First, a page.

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Submersible Pump

Submersible pump accessories are the plumbing and electrical components of a pumped water system that is particular to a submersible pump system vs. a jet pump system. For simplicity’s sake. We will divide them into two categories – down-hole accessories, and aboveground accessories. The down-hole accessories are the check valves that we talked about in the April article, as well as torque arrestors, cable guards, drop pipe, pitless adapters, pump cable, splice kits, etc. We will cover the torque arrestors, cable guards, and drop pipe this month, and the rest of the down-hole accessories in the coming months.

Torque Arrestors

A torque arrestor is a rubber or flexible PVC device that is mounted on the drop pipe a few feet above the pump to prevent the pump from rotating due to start-up torque. They also center the pump in the well casing. Torque arrestors are mandatory when using PVC or poly drop pipe and often used with steel drop pipe as well. They look like a 2-foot piece of 2-inch radiator hose with four longitudinal slits running most of their length. They are installed using stainless steel hose clamps, and the ends are pushed toward each other, forcing the center section to bulge out to make contact with the inside of the well casing.

Cable Guards

These are inexpensive molded plastic or rubber devices that slip over or snap onto the drop pipe. Centering it in the good casing to prevent the drop pipe from trapping the pump cable against the well casing, abrading it. They always should be used when the drop pipe and well casing are steel since steel surfaces can become very abrasive as they rust and corrode with time. Many installers use them with plastic well casing and drop pipe as well because they make a nice, clean installation.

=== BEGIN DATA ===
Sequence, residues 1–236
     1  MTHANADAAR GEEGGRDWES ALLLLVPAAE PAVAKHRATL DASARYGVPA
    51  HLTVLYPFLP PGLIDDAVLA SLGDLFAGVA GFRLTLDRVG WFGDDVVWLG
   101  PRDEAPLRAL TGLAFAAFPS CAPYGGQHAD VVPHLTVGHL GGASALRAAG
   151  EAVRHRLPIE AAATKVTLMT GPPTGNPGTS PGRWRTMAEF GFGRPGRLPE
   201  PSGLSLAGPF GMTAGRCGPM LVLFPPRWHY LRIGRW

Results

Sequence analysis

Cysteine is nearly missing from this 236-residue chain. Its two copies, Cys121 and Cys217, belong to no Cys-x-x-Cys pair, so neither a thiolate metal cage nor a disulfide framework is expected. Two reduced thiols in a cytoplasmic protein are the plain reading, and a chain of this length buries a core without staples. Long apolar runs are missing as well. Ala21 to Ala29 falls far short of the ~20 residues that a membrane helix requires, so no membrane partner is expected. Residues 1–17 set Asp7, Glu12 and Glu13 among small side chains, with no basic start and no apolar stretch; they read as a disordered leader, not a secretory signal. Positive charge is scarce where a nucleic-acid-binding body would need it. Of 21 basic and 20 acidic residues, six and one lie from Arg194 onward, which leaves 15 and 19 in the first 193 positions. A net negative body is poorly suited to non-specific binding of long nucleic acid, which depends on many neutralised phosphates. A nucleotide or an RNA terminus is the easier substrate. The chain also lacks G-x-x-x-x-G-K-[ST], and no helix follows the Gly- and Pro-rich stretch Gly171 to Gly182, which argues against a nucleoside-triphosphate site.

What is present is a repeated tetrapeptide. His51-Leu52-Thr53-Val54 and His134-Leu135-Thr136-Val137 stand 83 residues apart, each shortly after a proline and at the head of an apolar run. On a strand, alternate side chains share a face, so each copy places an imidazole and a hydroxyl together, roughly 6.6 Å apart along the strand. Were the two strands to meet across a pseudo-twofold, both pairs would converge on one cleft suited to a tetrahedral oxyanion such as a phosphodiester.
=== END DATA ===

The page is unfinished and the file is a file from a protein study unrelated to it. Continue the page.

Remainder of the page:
Coupling in-between the cable guards

They should install on every other joint or about every 40 feet. The pump cable should stretch tight. And with electrical tape. Taped to the drop pipe adjacent to both sides of each cable guard, and at each coupling in-between the cable guards.

Drop Pipe

Drop pipe is the name given to the pipe that runs down inside the well from the wellhead to the submersible pump. Drop pipe can be made from any material suitable for transporting the pumped fluid that can support its own weight, plus the weight of the pump. There are three types of drop pipe commonly used in submersible systems – galvanized steel, PVC, and polyethylene.

Prop pipe Plastic

Plastic drop pipe can be used in most residential applications and is preferred by many installers because it is lighter, easier to handle, and it resists corrosion. The three most common types of plastic drop used today are threaded schedule 80 PVC, threaded schedule 120 PVC, and high-density polyethylene (HDPE).

PVC Pipe

Early attempts to use PVC pipe for drop pipe involved the use of schedule 40 PVC sprinkler pipe, either glued together or by gluing on male and female adapters and screwing them together. It is cheaper than threaded schedule 80 and 40 PVC drop pipe, but the potential strength problems well outweigh the savings.

Schedule 40

Threaded schedule 40 and schedule 130 PVC drop pipe comes in 20-foot lengths; it has male pipe threads on both ends and can be connected with couplings, or threaded check valves. There are limitations to the amount of weight that can be supported by any drop pipe. And also as you might guess, plastic carries less weight than steel.

HP limitations